Where the Squeegee Goes – Fascinating documentary follows one of the world’s most famous painters

Zero One Film photos
Zero One Film photos

Gerhard Richter has had a career as both an abstract painter and a creator of realistic portraits, in between going all nihilist with his series of flat grey paintings and then sensationalist with his grubby, ill renderings of photos of the Baader-Meinhoff gang.

He’s been called great, and he’s been called rude words. In Corinna Belz’s inquisitive documentary, “Gerhard Richter Painting,” she circles around the question of the man behind the name as he prepares for several retrospectives and new openings — and, yes, also as he paints.

The man knows how to use a plexiglass squeegee. After getting down some basic brush work on large canvases — the ones we see are a mash of primary colors — Mr. Richter gets out long squeegees the same length of the painting, coats them with more paint, and drags them across the canvas. There’s an element of chance to all this: the colors bleed together, the uneven pressure creates holes in the layer. Richter proceeds until the technique disappears into the layers.

The question for most abstract painters is this: how do you know when you’re done?

“Each step forward is more difficult and I feel less and less free,” Mr. Richter says. “Until I conclude there’s nothing left to do. When, according to my standard, nothing is wrong anymore, then I stop.”

In his late 70s during the filming, Mr. Richter is a shy figure. Unlike Picasso, who was self-assured when Henri-Georges Clouzot filmed him working in 1956, Mr. Richter doesn’t like the camera “watching him.” It is as bad as being in the hospital, vulnerable and exposed, he says.

At first, it feels like Ms. Belz’s film will be restricted to Mr. Richter’s huge studio where he and his assistants work. But instead, the film detours — how much squeegee work can one take in, really? — over to various museums as we see Mr. Richter prepping for his show. In Museum Ludwig in K?ln, he insists the grid diffusion be taken off the fluorescent lighting in the ceiling. He wants a cold atmosphere for the show, he says, “so that people are happy to get out.”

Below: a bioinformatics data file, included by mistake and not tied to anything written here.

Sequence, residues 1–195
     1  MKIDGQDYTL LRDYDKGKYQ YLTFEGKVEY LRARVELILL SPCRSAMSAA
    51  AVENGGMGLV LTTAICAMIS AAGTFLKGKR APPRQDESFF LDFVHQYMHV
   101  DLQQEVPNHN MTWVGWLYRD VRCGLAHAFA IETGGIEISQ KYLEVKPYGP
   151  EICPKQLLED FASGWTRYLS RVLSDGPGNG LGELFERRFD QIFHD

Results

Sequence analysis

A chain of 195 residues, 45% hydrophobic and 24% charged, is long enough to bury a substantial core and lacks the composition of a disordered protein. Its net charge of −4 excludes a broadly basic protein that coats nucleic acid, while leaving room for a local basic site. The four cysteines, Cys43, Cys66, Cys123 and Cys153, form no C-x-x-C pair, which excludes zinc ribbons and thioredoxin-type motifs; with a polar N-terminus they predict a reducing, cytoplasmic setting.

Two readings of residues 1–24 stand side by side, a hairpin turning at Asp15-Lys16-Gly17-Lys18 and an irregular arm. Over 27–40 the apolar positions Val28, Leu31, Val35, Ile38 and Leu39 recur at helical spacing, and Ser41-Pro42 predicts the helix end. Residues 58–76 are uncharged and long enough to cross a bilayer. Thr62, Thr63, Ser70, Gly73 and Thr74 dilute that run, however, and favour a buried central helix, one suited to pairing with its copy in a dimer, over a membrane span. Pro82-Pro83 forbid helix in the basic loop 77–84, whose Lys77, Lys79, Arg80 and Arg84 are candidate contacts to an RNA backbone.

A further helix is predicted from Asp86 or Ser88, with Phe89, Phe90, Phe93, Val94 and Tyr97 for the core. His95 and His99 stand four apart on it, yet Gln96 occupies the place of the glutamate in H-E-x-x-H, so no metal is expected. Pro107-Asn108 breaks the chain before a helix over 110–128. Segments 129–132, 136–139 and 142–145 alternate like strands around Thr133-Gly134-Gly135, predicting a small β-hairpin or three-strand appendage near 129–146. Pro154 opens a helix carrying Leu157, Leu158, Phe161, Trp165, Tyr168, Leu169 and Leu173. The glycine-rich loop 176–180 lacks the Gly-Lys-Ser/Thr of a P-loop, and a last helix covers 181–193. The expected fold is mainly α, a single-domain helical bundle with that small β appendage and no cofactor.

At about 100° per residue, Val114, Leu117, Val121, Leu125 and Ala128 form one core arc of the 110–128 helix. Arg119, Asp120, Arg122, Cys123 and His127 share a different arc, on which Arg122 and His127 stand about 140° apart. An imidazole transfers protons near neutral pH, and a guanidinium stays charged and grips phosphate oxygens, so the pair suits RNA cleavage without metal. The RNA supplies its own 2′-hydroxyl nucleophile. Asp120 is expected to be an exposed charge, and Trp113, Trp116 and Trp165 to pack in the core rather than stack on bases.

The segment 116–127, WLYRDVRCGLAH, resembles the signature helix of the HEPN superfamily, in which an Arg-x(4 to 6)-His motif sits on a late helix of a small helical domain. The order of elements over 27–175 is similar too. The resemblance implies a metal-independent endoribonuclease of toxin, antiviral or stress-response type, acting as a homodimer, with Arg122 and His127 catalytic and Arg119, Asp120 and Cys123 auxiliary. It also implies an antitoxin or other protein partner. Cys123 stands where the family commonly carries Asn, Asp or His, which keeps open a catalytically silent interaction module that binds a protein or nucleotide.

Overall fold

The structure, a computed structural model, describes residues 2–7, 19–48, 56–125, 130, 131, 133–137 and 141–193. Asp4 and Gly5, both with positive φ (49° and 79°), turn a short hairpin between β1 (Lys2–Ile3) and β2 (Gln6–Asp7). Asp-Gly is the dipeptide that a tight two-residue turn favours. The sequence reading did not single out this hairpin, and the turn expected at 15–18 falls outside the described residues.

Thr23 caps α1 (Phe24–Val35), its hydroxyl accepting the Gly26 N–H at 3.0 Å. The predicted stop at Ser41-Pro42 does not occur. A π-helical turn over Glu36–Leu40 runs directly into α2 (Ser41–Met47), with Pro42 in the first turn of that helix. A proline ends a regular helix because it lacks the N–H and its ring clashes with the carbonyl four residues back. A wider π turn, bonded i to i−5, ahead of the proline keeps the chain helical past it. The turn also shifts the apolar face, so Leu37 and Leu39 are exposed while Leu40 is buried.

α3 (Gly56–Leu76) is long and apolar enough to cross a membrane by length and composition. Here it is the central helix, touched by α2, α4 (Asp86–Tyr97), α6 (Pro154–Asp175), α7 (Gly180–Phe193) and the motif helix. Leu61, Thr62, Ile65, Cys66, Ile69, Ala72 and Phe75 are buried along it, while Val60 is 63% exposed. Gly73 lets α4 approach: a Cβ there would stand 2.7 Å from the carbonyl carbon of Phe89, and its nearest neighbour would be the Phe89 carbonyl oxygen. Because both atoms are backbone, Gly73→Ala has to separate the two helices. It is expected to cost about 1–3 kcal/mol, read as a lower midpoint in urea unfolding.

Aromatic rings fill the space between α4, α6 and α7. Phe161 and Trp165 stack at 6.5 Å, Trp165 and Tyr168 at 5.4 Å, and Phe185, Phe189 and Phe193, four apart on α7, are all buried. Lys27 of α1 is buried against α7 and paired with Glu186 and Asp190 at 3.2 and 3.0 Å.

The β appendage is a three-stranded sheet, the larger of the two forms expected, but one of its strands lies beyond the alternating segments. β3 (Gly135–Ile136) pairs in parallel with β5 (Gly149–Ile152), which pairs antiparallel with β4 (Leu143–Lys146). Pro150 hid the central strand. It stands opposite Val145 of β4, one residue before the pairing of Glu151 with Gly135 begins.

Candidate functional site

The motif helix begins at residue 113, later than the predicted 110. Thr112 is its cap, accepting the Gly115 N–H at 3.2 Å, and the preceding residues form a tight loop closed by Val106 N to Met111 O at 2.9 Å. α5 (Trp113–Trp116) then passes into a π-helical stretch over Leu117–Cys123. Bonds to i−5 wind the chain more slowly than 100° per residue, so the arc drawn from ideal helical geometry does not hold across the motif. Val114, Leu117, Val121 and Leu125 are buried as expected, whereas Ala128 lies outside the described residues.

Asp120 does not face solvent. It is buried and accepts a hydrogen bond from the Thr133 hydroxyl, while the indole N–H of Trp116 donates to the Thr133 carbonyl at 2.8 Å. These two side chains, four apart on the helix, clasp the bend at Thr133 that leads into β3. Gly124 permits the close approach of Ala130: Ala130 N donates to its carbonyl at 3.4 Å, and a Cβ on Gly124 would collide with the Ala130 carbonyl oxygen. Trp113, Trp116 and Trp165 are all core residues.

That might make Mr. Richter sound like an old misery guts, but he’s not. He’s very serious about his art and expects others to be. But he also strikes a handsome figure and often smiles and laughs through the film. (Perhaps it’s nervous discomfort.)

Ms. Belz’s film hides things from us, probably due to time. We only learn much later that he has a wife, and a toddler who waddles around in a yellow jumpsuit the same color as Mr. Richter’s painting. Although we follow Mr. Richter to the National Portrait Gallery for a retrospective of his photorealist work, we learn very little of this completely different technique. The two styles really have little in common, all the way down to the color schemes and brush work. Yet, they are so odd we want to learn more.

And how does his focus on faces tie into his collection of photos we see him worrying over? These snapshots from his youth tell some kind of story, but Mr. Richter is rarely forthcoming. It’s only when he talks about how he left his parents in East Germany in the ’60s, never to see them again, do we get some sense of a major trauma. But Mr. Richter quickly closes that door. He remains a mystery.

‘Gerhard Richter Painting’
* * * *
Documentary
Length: 97 minutes
Rating: none
When: 3 p.m. Sunday
Where: Pollock Theater, UCSB
Cost: $10/$5
Information: 893-3535, www.artsandlectures.ucsb.edu

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